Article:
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Statistics. Year 9. Note 1 : Statistical Displays. Note 1 : Statistical Displays. Note 1 : Statistical Displays. 3. Oliver. IWB Ex 31.01 Pg 859. Sally and Mark (with 4 each).

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note 1 statistical displays2
Note 1: Statistical Displays

3

Oliver

IWB Ex31.01

Pg 859

Sally and Mark (with 4 each)

note 1 statistical displays3

Kowhai are small, woody legume trees. Kowhaiwhai patterns are special Maori patterns that are used for decorations and beautiful paintings. The koru and pit au are the most famous sort of designs for kowhaiwhai patterns. At the end of stalks there is normally a circle that resembles a silver fern. Red, black and white is the most common colours in a kowhaiwhai pattern. There are also kowhai trees that are very cool. They have flower like leaves that are a very bright yellow.At the end of stalks there is normally a circle that resembles a silver fern.

Note 1: Statistical Displays
note 2 dot plots
Note 2: Dot Plots

A dot plot uses a marked scale

Each time an item is counted it is marked by a dot

dot plots symmetry
Dot Plots - Symmetry

A symmetric distribution can be divided at the centre so that each half is a mirror image of the other.

dot plots outliers
Dot Plots - Outliers

A data point that diverges greatly from the overall pattern of data is called an outlier.

dot plots
Dot Plots

e.g. This graph shows the number of passengers on a school mini bus for all the journeys in one week.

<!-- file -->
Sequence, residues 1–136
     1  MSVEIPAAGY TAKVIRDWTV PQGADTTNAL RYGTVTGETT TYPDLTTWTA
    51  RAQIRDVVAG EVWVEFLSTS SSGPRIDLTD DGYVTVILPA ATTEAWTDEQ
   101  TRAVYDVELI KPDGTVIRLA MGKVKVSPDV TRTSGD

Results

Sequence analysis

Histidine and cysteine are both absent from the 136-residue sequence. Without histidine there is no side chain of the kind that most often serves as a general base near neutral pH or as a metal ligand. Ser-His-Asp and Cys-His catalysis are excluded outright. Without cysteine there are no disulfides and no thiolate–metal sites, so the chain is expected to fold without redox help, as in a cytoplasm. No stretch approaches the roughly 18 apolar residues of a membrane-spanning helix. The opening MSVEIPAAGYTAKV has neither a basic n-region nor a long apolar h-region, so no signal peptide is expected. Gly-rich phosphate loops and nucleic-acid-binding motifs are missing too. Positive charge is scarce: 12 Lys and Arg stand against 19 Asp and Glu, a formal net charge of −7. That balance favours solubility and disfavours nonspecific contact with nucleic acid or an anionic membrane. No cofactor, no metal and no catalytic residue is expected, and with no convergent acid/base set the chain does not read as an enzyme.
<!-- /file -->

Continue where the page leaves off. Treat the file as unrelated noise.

IWB Ex31.02

Pg 863

19

How many journeys were made altogether?

What was the most common number of passengers?

6

note 3 pie graphs1
Note 3: Pie Graphs

Pie Graphs are used to show comparisons

‘Slices of the Pie’ are called sectors

Skills required: working with percentages & angles

e.g. 20 students in 9Ath come to school by the following means:

10 walk

5 Bus

3 Bike

2 Car

Represent this information on a pie graph.

note 3 pie graphs2
Note 3: Pie Graphs

e.g. 20 students in 9Ath come to school by the following means:

10 walk

5 Bus

3 Bike

2 Car

= 10 × 18°

= 180°

= 90°

= 5 × 18°

= 54°

= 3 × 18°

= 36°

= 2 × 18°

All 20 Students represent all 360°of a pie graph

How many degrees does each student represent?

= 18°

note 3 pie graphs3
Note 3: Pie Graphs

IWB Ex31.03

Pg 870

We can also use percentages and fractions to calculate the angles

e.g. 500 students at JMC were surveyed regarding their TV provider at home. 180 had Skyview, 300 had Freeview and 20 had neither. Represent this in a pie chart.

× 360°

= 129.6°

× 360°

= 216°

× 360°

= 14.4°

note 4 stem leaf graphs
Note 4: Stem & Leaf Graphs

Daily absences from JMC for a six week period in Term 3 are as follows:

note 4 stem leaf graphs1
Note 4: Stem & Leaf Graphs

Daily absences from JMC for a six week period in Term 3 are as follows:

These figures can be summarized in a stem and leaf graph

note 5 scatter plot
Note 5: Scatter Plot

Scatter Plots show the relationship between two sets of data.

IWB Ex31.05

Pg 879

note 6 time series graph
Note 6: Time Series Graph

This ‘line graph’ shows what happens to data as time changes

Time is always on the x-axis

Data values are read from the y axis

What are some of the features of this graph?

# of advertisements

Time

note 6 time series graph1
Note 6: Time Series Graph

Each week, roughly the same amount of advertisements are sold

The most popular days to advertise are:

Wednesday & Saturday

The least popular days to advertise are:

Monday & Tuesday

What are some of the features of this graph?

IWB Ex31.06

Pg 884

calculating statistics averages
Calculating Statistics - averages
  • Mean (average) – The mean can be affected by extreme values
  • Median – middle number, when all data is placed in order. Not affected by extreme values
  • Mode – the most common value/s
note 7 mean
Note 7: Mean
  • Mean (average) – The mean can be affected by extreme values

x =

slide26

Note 7: Median